Thursday, March 6, 2008

Time away changes things

I’ve been hospitalized only 3 times in my life (besides at birth). I’m fortunate that each hospitalization only lasted about 3 days, and two of them were for the births of my children.

The first time I landed in the hospital it was for mono. I was a new senior in high school. The Homecoming festivities were looming, and the first deadline for the school newspaper (of which I was co-editor) was imminent. I wore myself out with worry about inconsequential things that seemed big at the time. My throat had swollen to the point that it was almost closed. I talked like I had a hot potato in my mouth. My spleen was enlarged.

I missed Homecoming. I don’t recall if I’d planned to go anyway though. It was probably not in my plans since my boyfriend at the time was no longer in high school and wouldn’t deem to lower himself to attend a high school dance. He did, however, sneak into my hospital room late one night to see me. The nurse who caught him was not amused.

I remember emerging from the hospital after those 2 or 3 days feeling like I’d been on another planet. The world had continued around me, without me. My friends and family chatted about the mundane things they had been doing while I was laid up and even though I still wasn’t cleared to do much of anything but rest I felt like I’d missed things. At the same time I felt like I hadn’t really been missed much.

It’s true that life goes on. Those times that I’ve been hospitalized, out of commission for the day-to-day tasks for even a few days, have shown that if I weren’t here, everyone would be fine.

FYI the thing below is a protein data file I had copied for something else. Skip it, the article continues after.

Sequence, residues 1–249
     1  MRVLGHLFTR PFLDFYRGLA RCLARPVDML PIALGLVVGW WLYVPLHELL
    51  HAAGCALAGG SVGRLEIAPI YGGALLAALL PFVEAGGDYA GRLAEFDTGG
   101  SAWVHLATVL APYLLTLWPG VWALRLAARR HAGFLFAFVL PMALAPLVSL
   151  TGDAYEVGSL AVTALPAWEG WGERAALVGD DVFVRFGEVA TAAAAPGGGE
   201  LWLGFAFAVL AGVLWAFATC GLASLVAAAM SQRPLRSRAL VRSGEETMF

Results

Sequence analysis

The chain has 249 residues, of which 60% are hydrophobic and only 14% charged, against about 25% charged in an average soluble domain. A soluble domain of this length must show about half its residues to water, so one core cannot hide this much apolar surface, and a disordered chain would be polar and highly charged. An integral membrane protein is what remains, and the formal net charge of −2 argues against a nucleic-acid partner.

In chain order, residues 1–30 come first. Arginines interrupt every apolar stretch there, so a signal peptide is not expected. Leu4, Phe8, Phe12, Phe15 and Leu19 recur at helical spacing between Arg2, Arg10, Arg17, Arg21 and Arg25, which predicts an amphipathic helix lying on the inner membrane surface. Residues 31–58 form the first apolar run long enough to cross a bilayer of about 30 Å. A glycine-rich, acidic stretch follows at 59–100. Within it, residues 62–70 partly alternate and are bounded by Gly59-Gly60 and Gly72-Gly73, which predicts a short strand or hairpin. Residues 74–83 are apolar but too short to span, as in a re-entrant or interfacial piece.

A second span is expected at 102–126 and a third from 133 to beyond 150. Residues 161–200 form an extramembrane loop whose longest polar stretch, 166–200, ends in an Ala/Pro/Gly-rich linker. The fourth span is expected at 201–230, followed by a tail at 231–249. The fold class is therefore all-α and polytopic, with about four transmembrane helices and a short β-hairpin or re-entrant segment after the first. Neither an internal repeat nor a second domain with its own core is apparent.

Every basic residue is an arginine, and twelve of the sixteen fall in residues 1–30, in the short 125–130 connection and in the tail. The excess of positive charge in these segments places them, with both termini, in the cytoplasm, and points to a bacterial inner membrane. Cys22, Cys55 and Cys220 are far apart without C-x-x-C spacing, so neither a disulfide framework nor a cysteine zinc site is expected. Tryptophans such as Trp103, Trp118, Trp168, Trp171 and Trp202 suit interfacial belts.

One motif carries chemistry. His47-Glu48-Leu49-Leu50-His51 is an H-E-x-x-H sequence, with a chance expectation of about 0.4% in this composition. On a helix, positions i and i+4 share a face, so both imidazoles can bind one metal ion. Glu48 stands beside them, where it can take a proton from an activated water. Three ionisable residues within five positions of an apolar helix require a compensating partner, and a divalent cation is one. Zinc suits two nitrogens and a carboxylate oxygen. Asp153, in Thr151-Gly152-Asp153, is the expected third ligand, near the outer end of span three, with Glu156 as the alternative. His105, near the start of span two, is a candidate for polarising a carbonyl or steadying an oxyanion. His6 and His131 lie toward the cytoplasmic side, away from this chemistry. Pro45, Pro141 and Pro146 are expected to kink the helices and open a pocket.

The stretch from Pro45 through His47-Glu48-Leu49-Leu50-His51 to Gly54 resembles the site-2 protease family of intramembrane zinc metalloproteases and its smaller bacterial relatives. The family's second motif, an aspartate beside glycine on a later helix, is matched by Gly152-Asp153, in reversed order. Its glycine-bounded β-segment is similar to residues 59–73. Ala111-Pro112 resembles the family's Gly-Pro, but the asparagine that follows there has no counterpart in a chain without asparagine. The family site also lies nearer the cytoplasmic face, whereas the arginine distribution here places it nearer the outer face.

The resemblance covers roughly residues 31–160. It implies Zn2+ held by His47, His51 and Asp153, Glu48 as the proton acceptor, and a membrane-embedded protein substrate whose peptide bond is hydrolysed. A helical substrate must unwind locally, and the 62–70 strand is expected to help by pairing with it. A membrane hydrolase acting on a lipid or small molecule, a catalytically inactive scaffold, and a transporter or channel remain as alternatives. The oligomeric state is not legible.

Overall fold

I’m not saying that I wouldn’t be missed if I were not around. I would be missed. I know that. But I’d be missed only momentarily. Time heals all wounds. The ache that would be there in the beginning would fade until I became a fond memory, someone to smile about who had strange habits and mannerisms.

That’s a good thing in actuality. I wouldn’t want my family’s lives to fall apart without me. It makes me feel better to know that they would be fine.

Come May, I’ll be hospitalized again when my third, and last, child is born. My other children’s lives will continue mostly as usual with the occasional side stop at the hospital to meet their baby sister and say hello to their mommy. I want their lives to continue as usual as much as possible. They will experience much upheaval with the addition of a family member, both good and not-so-good changes.

They’ll need consistency of routine to get them through those days, as much routine as there can be with a missing mommy, then a mommy returning with a squalling newborn.

While they are continuing as usual, I will be changing.

I’ll become a mommy of a new person. I’ll begin to learn who she is within moments of her birth. We’ll practice nursing together and doze together at will.

I’ll focus on drinking water so that I can have the catheter removed. I’ll work toward standing, then walking the halls without passing out. I’ll feel the pulling at my stitches and suck in my breath from the pain as the drugs wear off before it’s time for another dose.

I’ll fall in love again with the promise of what my child will bring to my life and to others’ lives.

When my husband comes to the hospital to drive me home on that third day I will still be Heather, but I will be different and that’s okay too.

***********************
I have a new post at Midwest Parents too! Go see if you feel the same way when you're talking to your kids.

4 people like me!:

Jeff said...

Life... keeps on going and going and going and...

chelle said...

That my dear was an awesome post. My eyes are stinging! At first I was going to argue with you. Time does not heal all wounds. Losing a mother changes a person. That never goes away. Then you just went around a corner and I so so enjoyed reading it all.

Minnesota Matron said...

Very sweet. Yes, you'll be different and once you walk through that door with a new sibling, your family changes forever.

We were unexpectedly in NICU with Merrick for five days (he got Strep B from me) so coming home was indeed like stepping from one planet to another. With gratitude.

May is fast approaching. It will be amazing.

angi said...

This is an awesome post!

Unfortunetly (for me), what was stuck in my head for the entire post was the fact that when my kids came to visit me in the hospital when having Ava...they had the same clothes on both days.

I am thinking my husband was CLUELESS without me *sigh*

 
Blog Designed by : NW Designs